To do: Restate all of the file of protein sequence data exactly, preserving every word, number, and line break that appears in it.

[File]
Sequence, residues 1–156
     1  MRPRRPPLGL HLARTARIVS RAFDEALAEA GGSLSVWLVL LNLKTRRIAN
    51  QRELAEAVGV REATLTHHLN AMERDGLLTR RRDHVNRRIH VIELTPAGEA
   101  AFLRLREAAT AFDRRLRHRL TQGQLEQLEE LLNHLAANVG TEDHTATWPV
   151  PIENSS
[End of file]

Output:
Sequence, residues 1–156
     1  MRPRRPPLGL HLARTARIVS RAFDEALAEA GGSLSVWLVL LNLKTRRIAN
    51  QRELAEAVGV REATLTHHLN AMERDGLLTR RRDHVNRRIH VIELTPAGEA
   101  AFLRLREAAT AFDRRLRHRL TQGQLEQLEE LLNHLAANVG TEDHTATWPV
   151  PIENSS